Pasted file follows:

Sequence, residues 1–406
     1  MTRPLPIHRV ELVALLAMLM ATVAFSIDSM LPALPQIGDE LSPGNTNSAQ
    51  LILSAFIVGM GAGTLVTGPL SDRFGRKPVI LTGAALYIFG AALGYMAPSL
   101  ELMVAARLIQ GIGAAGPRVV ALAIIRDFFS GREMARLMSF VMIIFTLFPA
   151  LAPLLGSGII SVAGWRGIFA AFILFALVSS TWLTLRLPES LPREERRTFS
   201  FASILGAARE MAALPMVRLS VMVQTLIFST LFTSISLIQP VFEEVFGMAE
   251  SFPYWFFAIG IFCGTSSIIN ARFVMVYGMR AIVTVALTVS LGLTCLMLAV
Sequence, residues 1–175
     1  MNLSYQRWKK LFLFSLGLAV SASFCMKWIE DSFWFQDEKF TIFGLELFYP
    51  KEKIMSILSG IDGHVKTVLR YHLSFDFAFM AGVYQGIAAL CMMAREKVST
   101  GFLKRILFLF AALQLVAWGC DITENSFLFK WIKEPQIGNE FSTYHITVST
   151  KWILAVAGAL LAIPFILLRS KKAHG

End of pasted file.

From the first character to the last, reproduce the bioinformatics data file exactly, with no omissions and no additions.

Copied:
Sequence, residues 1–406
     1  MTRPLPIHRV ELVALLAMLM ATVAFSIDSM LPALPQIGDE LSPGNTNSAQ
    51  LILSAFIVGM GAGTLVTGPL SDRFGRKPVI LTGAALYIFG AALGYMAPSL
   101  ELMVAARLIQ GIGAAGPRVV ALAIIRDFFS GREMARLMSF VMIIFTLFPA
   151  LAPLLGSGII SVAGWRGIFA AFILFALVSS TWLTLRLPES LPREERRTFS
   201  FASILGAARE MAALPMVRLS VMVQTLIFST LFTSISLIQP VFEEVFGMAE
   251  SFPYWFFAIG IFCGTSSIIN ARFVMVYGMR AIVTVALTVS LGLTCLMLAV
Sequence, residues 1–175
     1  MNLSYQRWKK LFLFSLGLAV SASFCMKWIE DSFWFQDEKF TIFGLELFYP
    51  KEKIMSILSG IDGHVKTVLR YHLSFDFAFM AGVYQGIAAL CMMAREKVST
   101  GFLKRILFLF AALQLVAWGC DITENSFLFK WIKEPQIGNE FSTYHITVST
   151  KWILAVAGAL LAIPFILLRS KKAHG